Pain Medicine

Pain medicine is a specialist area of anaesthetics. Basic and Intermediate training in Pain Medicine happens as part of the wider anaesthetics training programme. Higher Pain Training is an optional unit essential for all trainees who would like to progress to Advanced Pain Training; the RCoA and Faculty of Pain Medicine recommend that this is the minimum level of competency required for trainees considering a future consultant post with an interest in Acute Pain. 

 

Advanced Pain Training is delivered over a minimum 12 month period in designated multi-disciplinary specialist centres where trainees are expected to undertake a wide variety of training in pain management spanning the full range of pain medicine treatment options/plans. Advanced Pain Training is considered the minimum required for those aiming for a consultant appointment with sessions in pain medicine.

 

All trainees entering Advanced Pain Training will be required to take the examination (MCQ paper and Structured Oral Examinations) in order to achieve the FFPMRCA:

 

https://www.rcoa.ac.uk/faculty-of-pain-medicine/training-examination-and-assessment/ffpmrca-examination

 

  • All CT 1/2 need to undergo basic level training in pain medicine and where possible this should be in a single block as specified in the CCT in Anaesthetics document. The aim is for the trainee to competently assess and manage acute post-operative pain and acute non post-operative pain along with possessing sufficient knowledge to provide a basic understanding of the management of chronic pain in adults.
  • All ST 3/4 need to undergo a supervised period of 4-12 weeks intermediate training in pain medicine as specified within the CCT in Anaesthetics document. Ideally this should be in a single block. The aim is for the trainee to be an effective member of the acute pain team and competent in the assessment and management of acute surgical and non- surgical and acute or chronic pain in most patient groups. They should also have a knowledge of the assessment, management and wider treatment options for chronic and cancer pain in adults and be aware of the need for multi-professional input and to employ this in the management of chronic and cancer pain.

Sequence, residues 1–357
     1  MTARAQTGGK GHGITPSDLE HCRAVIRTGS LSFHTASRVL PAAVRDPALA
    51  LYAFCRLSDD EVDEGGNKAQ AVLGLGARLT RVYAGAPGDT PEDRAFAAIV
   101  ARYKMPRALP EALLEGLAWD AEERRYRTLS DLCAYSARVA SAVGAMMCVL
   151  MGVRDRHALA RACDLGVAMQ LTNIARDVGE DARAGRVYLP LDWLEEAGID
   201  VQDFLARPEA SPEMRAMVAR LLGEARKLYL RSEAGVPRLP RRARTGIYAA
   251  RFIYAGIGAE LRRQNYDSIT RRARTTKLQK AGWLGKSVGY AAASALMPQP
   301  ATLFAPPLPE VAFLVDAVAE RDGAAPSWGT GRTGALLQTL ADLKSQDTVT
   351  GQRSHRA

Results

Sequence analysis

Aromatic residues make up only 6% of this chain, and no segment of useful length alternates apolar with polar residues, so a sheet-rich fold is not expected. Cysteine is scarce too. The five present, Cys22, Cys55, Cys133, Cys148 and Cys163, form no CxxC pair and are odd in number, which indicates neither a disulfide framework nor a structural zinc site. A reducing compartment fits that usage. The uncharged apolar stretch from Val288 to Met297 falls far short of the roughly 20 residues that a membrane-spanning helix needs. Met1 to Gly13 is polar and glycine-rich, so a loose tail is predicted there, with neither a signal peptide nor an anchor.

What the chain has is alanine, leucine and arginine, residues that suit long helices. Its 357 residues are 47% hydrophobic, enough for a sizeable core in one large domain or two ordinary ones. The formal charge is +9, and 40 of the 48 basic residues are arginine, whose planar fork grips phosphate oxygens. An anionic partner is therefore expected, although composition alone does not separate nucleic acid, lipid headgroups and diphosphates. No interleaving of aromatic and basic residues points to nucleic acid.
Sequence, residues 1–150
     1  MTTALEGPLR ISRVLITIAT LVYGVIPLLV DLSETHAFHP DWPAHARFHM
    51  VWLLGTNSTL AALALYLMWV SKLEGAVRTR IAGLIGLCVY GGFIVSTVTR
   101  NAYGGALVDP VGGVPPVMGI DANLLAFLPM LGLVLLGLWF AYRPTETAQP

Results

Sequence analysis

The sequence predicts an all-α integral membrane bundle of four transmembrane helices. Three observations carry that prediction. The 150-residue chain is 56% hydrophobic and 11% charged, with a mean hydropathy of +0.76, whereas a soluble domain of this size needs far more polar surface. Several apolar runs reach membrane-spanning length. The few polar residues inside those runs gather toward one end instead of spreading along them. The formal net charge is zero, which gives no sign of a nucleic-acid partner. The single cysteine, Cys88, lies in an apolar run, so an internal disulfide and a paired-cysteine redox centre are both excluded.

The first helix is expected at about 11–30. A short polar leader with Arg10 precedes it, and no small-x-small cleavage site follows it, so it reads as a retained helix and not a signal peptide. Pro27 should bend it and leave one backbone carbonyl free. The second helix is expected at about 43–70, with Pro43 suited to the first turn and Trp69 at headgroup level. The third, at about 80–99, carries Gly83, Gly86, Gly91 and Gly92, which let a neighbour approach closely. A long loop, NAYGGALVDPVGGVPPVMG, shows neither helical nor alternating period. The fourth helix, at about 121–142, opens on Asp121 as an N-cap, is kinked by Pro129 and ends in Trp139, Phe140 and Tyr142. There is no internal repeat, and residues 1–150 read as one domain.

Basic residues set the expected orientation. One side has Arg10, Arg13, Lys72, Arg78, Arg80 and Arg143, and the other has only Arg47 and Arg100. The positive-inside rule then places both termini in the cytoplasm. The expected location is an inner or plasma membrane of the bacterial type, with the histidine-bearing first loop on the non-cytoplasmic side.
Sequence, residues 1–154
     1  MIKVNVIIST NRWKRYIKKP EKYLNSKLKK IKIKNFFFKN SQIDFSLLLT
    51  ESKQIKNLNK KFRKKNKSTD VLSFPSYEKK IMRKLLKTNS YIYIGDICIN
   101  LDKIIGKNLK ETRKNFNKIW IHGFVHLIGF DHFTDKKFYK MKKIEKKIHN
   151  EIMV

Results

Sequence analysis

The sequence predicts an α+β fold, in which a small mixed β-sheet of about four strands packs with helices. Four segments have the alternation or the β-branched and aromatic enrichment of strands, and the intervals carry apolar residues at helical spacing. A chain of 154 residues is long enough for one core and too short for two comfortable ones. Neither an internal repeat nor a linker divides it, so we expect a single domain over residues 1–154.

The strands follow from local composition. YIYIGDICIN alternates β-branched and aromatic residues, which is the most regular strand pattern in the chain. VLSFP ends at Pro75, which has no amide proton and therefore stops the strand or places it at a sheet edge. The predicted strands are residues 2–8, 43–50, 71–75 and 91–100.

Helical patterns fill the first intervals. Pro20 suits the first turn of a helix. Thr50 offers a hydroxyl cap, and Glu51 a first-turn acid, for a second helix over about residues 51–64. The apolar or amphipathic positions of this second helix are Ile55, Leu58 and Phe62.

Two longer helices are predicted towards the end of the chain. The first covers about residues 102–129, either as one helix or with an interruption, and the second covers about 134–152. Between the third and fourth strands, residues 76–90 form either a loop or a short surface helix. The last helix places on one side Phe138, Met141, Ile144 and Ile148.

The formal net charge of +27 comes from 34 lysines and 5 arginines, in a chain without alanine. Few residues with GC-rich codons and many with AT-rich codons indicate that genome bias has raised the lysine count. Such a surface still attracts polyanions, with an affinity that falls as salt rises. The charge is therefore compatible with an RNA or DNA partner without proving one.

• Higher training in pain medicine is essential for those wishing to progress to advanced training. Higher training is considered a minimum for trainees considering a consultant post with an interest in acute pain. It is optional for ST 5/6/7.

 

Recruitment into Higher and Advanced Pain Medicine training posts mostly happens locally, but some centres advertise centrally through NHS Job website (https://www.jobs.nhs.uk). Recruitment to Higher Pain Training posts is much more informal; it is recommended that you contact your Local Pain Medicine Educational Supervisor (LPMES) and Regional Advisor in Pain Medicine (RAPM) to discuss your options and how this would fit into your training programme. In West Midlands, Birmingham and Warwickshire Schools have the resources to offer Advanced Pain Training.  Alternatively, some prefer overseas training (https://www.rcoa.ac.uk/careers-training/oope-and-oopt).

 

A plethora of information on pain training is available at: https://www.rcoa.ac.uk/faculty-of-pain-medicine/training-examination-and-assessment

 

Trainees interested in advancing their career in pain medicine are advised to liaise with the LPMES to explore different training opportunities.

 

Dr Shyam Balasubramanian MBBS MD MSc FRCA FFPMRCA

Consultant in Pain Medicine & Anaesthesia, UHCW NHS Trust, Coventry

Regional Advisor in Pain Medicine, West Midlands

Shyam.balasubramanian2@uhcw.nhs.uk

Additional Resources

Training in Intermediate Pain Medicine
Guidance leaflet for trainees undertaking their Intermediate Pain module.
Intermediate Pain Leaflet.pdf
Adobe Acrobat document [498.8 KB]
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